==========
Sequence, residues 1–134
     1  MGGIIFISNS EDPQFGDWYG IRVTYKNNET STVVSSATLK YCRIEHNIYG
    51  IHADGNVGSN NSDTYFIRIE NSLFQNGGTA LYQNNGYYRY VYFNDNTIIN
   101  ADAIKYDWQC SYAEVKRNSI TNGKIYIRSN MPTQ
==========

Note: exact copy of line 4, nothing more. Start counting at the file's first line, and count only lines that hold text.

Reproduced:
   101  ADAIKYDWQC SYAEVKRNSI TNGKIYIRSN MPTQ